Cold Brew Coffee Recipe
It’s Summertime in Australia, perfect weather for gelatos, slushies and iced coffees. The Melburnian Summer, with its sporadic hot days, brings about a change in my morning coffee palate. From my usual homemade piccolos, I find myself occasionally reaching for cooler, lighter alternatives.
I started appreciating cold drips a year ago. The slow ‘cool-brewing’ process somehow stretches the flavour characteristics of the beans ‘sideways’, turning it into a sort of nuanced, tea-like drink with slightly deeper flavours. I find cold drips perfect for mornings following warm nights, or as a refreshing drink to go along with mid-afternoon sweets and pastries. But the science behind making cold drips is complicated, and the equipment to make it, while sexy-looking (tortuous glass tubes, alchemist’s taps, wooden frames), is expensive.
The home alternative is called a cold brew… almost like a ghetto cold ‘drip’. Add water to ground beans, refrigerate, then filter. The end result is still pretty good, not to mention the method’s quite easy! I will share it with you here.
There’s still a bit of science and logic behind making a good cold brew. Special thanks to Lachy, who gave me a few pointers. I’ll share the tips here before placing the (incredibly simple) recipe at the end of the post. Please note that I’m not a barista, so my ‘science’ and recommendations here may not be all that accurate or expert. Still, I have enthusiasm on my side. =)
The most important decisions you have to make with cold brews are: What beans you use, how coarsely it’s ground, and your brew time.
Ideally, you should use beans roasted for filter coffee. Espresso roasts tend to impart bitter characteristics with cold brews. Filter roasts are roasted lightly, before or just past first crack ~ 205ºC. These lighter beans suit longer cold brew times and allow you to taste the ‘soil and climate’ of where the beans came from. When buying, look out for logos or words on the packet saying ‘filter’, or just ask your barista. The ideal age of beans for making cold brews stands at 10-20 days from roasting date, if you use it too young it tends to taste ‘leafy’.
But if you’re anything like me, you probably can’t justify buying a 250g bag of filter roast beans because that makes 3-4 litres of cold brew, too much! So the alternative would be to still buy espresso roast beans, but from roasters who make lighter roasts. In Melbourne, Market Lane Coffee, Proud Mary and Seven Seeds comes to mind. This way, you can toggle between making cups of espresso, and then a small batch of cold brew for warm days.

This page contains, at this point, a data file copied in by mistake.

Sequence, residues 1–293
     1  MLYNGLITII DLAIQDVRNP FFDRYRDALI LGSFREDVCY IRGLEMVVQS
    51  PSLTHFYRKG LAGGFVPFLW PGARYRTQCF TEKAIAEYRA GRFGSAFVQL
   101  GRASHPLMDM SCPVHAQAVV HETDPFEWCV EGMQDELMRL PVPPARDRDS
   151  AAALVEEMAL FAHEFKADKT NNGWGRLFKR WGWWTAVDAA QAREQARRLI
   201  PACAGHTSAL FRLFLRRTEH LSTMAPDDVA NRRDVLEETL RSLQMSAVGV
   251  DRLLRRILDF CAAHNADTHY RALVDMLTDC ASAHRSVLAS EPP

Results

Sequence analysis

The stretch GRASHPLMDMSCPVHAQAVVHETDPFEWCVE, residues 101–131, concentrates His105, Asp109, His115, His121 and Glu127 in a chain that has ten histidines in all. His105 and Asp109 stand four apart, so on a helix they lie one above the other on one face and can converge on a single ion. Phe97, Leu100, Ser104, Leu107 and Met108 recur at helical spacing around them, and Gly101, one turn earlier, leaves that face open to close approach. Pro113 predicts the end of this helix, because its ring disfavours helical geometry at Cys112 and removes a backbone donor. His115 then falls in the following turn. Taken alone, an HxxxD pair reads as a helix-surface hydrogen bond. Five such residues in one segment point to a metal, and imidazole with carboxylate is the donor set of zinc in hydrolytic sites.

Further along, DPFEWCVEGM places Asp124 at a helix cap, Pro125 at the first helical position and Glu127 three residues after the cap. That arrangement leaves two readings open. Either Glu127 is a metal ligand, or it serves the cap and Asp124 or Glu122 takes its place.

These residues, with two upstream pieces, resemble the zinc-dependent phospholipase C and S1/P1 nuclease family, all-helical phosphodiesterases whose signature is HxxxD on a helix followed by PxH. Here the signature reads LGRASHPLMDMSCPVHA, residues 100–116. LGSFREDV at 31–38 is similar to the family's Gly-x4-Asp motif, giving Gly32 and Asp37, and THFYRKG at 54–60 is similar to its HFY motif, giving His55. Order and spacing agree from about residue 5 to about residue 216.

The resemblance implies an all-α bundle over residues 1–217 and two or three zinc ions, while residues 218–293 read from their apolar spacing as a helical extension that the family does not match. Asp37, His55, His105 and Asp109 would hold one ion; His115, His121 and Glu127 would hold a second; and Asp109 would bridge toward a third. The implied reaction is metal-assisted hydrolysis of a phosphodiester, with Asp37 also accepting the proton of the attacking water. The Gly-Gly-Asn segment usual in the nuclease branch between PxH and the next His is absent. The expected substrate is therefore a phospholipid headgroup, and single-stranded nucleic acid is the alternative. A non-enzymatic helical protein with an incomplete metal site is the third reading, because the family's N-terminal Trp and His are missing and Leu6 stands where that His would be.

Recommended grind size varies between downright chunky pieces used for plunger coffees to the medium gritty texture (like coarse sand) that’s used for filter coffees. Larger coffee particles allow for longer contact time in water. The darker the roast is, the coarser your grind should be. If you don’t own a grinder, you can ask your barista to grind it for you, but please note that the beans lose a lot of fresh volatile compounds within minutes of grinding.
Once you got the beans and grind size organised, the rest is easy. Just add a bit of hot water (ideally coffee machine water at 92-96ºC) to the freshly ground beans and steep it for 30-60 seconds. Then dilute the ‘bloom’ with room temperature water. Cover and place the container in the fridge.
Update: I’ve had a few commenters saying that this step of adding hot water isn’t ideal as it makes this not a cold brew… that I’m better off skipping that step. I won’t change the published recipe to that effect simply because it was given to me by a good barista friend, but will leave it up to you to decide.
After brew time is completed, run the brew through a coffee filter… it drips quite slowly, so be patient. I didn’t have the right equipment, so what I ended up doing looked very ‘ghetto’ indeed! A more stylish way would be to use V60 drippers (for filter / pour overs), but I’ll only invest in that if I start to enjoy filter coffees more.
You may think the caffeine levels in cold brews and cold drips are less than what’s in espressos. Guess again. An espresso shot has a short contact time of 30 seconds with hot water, while a cold brew has a contact time of 3-24 hours. Caffeine levels can end up being quite similar.
For variety, cold brews can also be served mixed with cola or ginger beer. Also, listen to your taste buds and make adjustments. If the brew is bitter – grind coarser or brew shorter the next time. And vice versa if it ends up tasting ‘thin’.
Cold Brew Coffee
In a clean glass vessel, add:
200ml hot water to 60-70g of fresh ground coffee (preferably filter roast)
Allow to steep for 30-60s, then add 800ml water. Stir.
Cover, place in fridge for the recommended brewing time (as listed in the table below).
When finished, filter it with a coffee filter.
Keep in fridge, covered. It stays fresh for a week.
Serve with ice.
Brew Time / Grind Size
Ideal: Filter Roast – 18-24hrs / Filter Grind (medium coarse)
Middle Ground: Light Espresso Roast – 6-8hrs / Plunger Grind (coarse)
Less Ideal: Regular/Dark Espresso Roast – 3hrs / Plunger Grind (extra coarse)